Carbohydrate fraction extraction

Previously obtained filtrates were used for dissolved carbohydrates (dCHO), dissolved uronic acid (dUA) and ethanol solubility-based EPS analyses. Carbohydrates from material

retained on the corresponding GF/F filters (particular carbohydrate, pCHO), were extracted using a sequence of established extraction protocols designed to separate the material into fractions on the basis of solubility and putative biological origin (Table 1).

A subsample (0.4 mL) of GF/F filtrate was used to determine total dissolved carbohydrate concentration (dCHOTOTAL)-Remaining filtrate (approximately 10-100 mL) was dialysed overnight (at 20°C) through 8 kDa dialysis tubing (VWR, U.S.A.) against ultra-pure water (18.2 MX, MilliQ) under moderate stirring to remove salts and smaller organic components. Dialysed material was defined as the > 8 kDa dissolved carbohydrate fraction (dCHO>8kDa). These desalted samples were subsequently freeze-dried for EPS partitioning and determination of monosaccharide composition.

To measure the concentration of carbohydrates and uronic acids present as dissolved extracellular polymeric substances (dEPS), dialysed and freeze-dried dCHO>8kDa samples were re-dissolved in ultra-pure water and divided into three aliquots of 1-4 mL each. One aliquot was used to determine carbohydrate concentration and monosaccharide content (described later). The remaining two aliquots were used to isolate dEPS components with different solubility by precipitation with 30% and 70% ethanol;these precipitated EPS fractions were named as dEPScomplex, and dEPS respectively (Aslam et al. 2012a;Underwood et al. 2013). Carbohydrate not precipitated with 70% ethanol were termed dCHOnon-EPS, calculated as the difference between the concentration of dCHO>8kDa and concentration of dEPS for each sample.

Particulate carbohydrates (pCHO) were extracted by a sequential extraction of material collected on the GF/F filters. A hot water-extracted carbohydrate (pCHOHW) fraction (mainly intracellular storage polysaccharides) was obtained by macerating filters in 0.5 M NaCl (salinity 30), incubation at 100°C for 1 h followed by centrifugation (3500 X g, 15 min). A hot bicarbonate-extracted (pCHOHB) fraction (gelatinous and water-insoluble extracellular polysaccharides) was obtained by incubating the remaining GF/F pellet with 0.5 M NaHCO3 at 100°C for 1 h followed by centrifugation (3500 X g, 15 min). Finally a hot alkali extraction (pCHOHA) with 1 M NaOH and 0.2 M NaBH4 at 100°C for 1 h followed by centrifugation (3500 X g, 15 min) dissolved the silica cell wall and liberated EPS associated with the silica frustules. Remaining material in the pellet after HA extraction was termed residual carbohydrate (pCHOR) (Wustman et al. 1997;Aslam et al. 2012a). An aliquot (1 mL) of each extracted fraction (pCHOHW, pCHOHB, pCHOHA, pCHOR) was used to determine carbohydrate concentration (phenol sulphuric acid assay).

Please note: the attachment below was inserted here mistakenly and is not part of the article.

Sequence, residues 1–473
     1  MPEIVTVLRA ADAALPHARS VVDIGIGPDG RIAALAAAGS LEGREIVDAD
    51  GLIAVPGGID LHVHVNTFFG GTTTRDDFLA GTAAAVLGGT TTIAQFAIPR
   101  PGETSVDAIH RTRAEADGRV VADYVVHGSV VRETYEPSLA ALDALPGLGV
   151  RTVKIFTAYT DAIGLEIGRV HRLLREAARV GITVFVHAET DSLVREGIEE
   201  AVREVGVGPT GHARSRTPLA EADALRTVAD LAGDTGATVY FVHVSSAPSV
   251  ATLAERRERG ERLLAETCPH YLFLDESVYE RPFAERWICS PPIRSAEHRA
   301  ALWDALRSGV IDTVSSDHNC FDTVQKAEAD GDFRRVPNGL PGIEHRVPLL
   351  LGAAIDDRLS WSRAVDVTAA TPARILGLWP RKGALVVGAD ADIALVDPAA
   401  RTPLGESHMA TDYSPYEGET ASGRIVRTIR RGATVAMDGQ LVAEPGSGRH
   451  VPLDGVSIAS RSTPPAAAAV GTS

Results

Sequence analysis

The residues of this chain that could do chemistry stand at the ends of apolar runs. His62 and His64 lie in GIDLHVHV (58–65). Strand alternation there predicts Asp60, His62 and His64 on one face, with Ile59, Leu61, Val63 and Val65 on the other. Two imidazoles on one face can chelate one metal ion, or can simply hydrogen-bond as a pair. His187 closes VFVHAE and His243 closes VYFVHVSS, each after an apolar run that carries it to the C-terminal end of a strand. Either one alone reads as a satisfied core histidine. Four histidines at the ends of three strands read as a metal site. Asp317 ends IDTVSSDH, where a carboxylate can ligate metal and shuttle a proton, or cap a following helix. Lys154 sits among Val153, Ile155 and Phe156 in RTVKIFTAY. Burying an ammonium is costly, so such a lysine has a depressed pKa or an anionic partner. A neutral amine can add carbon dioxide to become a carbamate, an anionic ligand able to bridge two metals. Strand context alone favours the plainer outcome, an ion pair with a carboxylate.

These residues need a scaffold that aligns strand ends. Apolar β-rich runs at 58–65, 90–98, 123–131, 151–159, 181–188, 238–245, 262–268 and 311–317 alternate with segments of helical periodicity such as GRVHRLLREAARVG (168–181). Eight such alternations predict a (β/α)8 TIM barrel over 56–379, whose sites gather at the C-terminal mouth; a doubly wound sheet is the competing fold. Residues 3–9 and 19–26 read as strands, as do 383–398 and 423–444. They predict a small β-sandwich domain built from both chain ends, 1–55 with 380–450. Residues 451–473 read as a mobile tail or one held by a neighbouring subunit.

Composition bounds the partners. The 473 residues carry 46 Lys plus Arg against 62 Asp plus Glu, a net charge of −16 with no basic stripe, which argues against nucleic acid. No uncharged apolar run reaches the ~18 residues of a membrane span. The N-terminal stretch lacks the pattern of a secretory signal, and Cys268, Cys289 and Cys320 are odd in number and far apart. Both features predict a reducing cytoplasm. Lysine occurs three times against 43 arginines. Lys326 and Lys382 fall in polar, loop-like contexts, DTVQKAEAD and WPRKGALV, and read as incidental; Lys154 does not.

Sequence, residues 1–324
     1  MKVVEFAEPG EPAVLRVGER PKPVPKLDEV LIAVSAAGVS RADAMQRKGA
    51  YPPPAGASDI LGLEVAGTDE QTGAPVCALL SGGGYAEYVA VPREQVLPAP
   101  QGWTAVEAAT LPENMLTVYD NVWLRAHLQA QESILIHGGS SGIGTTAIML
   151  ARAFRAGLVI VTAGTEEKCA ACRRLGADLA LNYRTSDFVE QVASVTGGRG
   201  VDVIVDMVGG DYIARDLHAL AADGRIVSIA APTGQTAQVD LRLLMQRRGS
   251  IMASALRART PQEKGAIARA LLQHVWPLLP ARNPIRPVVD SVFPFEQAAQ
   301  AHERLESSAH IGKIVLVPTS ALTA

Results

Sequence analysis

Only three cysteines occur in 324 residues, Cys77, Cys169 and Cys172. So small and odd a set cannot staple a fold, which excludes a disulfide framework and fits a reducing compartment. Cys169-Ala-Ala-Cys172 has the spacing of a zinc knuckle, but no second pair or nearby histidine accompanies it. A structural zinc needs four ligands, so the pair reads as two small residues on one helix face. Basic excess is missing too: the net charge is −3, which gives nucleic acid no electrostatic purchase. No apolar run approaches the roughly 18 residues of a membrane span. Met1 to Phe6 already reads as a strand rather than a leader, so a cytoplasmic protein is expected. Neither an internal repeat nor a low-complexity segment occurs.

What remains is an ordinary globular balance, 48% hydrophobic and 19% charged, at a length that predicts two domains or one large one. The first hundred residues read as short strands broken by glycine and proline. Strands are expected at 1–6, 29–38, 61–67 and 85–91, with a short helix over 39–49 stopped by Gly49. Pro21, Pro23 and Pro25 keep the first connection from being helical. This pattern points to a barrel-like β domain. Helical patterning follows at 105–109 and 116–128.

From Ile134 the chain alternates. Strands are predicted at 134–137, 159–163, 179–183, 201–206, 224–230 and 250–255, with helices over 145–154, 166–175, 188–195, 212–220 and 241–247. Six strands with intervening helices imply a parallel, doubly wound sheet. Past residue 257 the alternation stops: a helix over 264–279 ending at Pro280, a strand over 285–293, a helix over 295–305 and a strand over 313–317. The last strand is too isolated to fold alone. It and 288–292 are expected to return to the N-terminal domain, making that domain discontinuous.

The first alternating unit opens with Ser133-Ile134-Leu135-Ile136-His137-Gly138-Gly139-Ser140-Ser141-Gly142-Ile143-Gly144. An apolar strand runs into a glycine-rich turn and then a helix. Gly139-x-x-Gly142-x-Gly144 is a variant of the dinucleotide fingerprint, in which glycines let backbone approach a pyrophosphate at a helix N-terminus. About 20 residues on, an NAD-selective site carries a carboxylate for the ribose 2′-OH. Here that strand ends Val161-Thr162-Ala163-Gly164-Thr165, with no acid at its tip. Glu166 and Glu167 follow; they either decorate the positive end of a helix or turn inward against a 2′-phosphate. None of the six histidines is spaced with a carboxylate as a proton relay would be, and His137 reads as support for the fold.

The remaining pCHOHW, pCHOHB, and pCHOHA extracts were dialysed overnight (at 20°C) through 8 kDa dialysis tubing (VWR, U.S.A.) against ultra-pure water (18.2 MX, MilliQ) under moderate stirring to remove salts and subsequently used to determine monosaccharide composition.

Table 1. Definitions and characteristics of the organic carbon and carbohydrate fractions isolated from sea ice in this study.

Fraction Chemical characteristics References

DOC Dissolved organic carbon including high molecular weight extracellular Bellinger et al. (2005),

polymeric substances, amino acids, other lower molecular weight compounds, Dumont et al. (2009),

e.g., acetate, and undefined compounds Verdugo (2012), Koch et al (2014)

TCHO All dissolved and particulate carbo., including TEPs, structural polysaccharides, detritus Dumont et al. (2009)

dCHOjoTAL Soluble (colloidal) fraction containing both polymeric (colloidal EPS) and Herborg et al. (2001),

non-polymeric (lower molecular weight) carbohydrates.70% monosaccharides, Dumont et al. (2009)

30% polysaccharides

dCHO>8kDa Hetero-polysaccharides (glucose, mannose and xylose rich) > 68% EPS, Underwood et al. (2010)

22% non-polymeric CHO

dCHO<8kDa Lower molecular weight material, passing through a 8 kDa filter Present study

dEPS Dissolved extracellular polymeric substances. Hetero-polymers (glucose, Decho (2000),

mannose, and xylose rich), gels rich in uronic acid, precipitates in 70% ethanol Underwood et al. (2010)

dEPScomplex Hetero-polymers (glucose, galactose, mannose, and xylose rich), Underwood et al. (2010, 2013)

gels rich in uronic acid, precipitating in 30% v/v ethanol

dCH°non-EPS Non-precipitating extracellular polysaccharides after an EPS extraction Underwood et al. (2013), Present study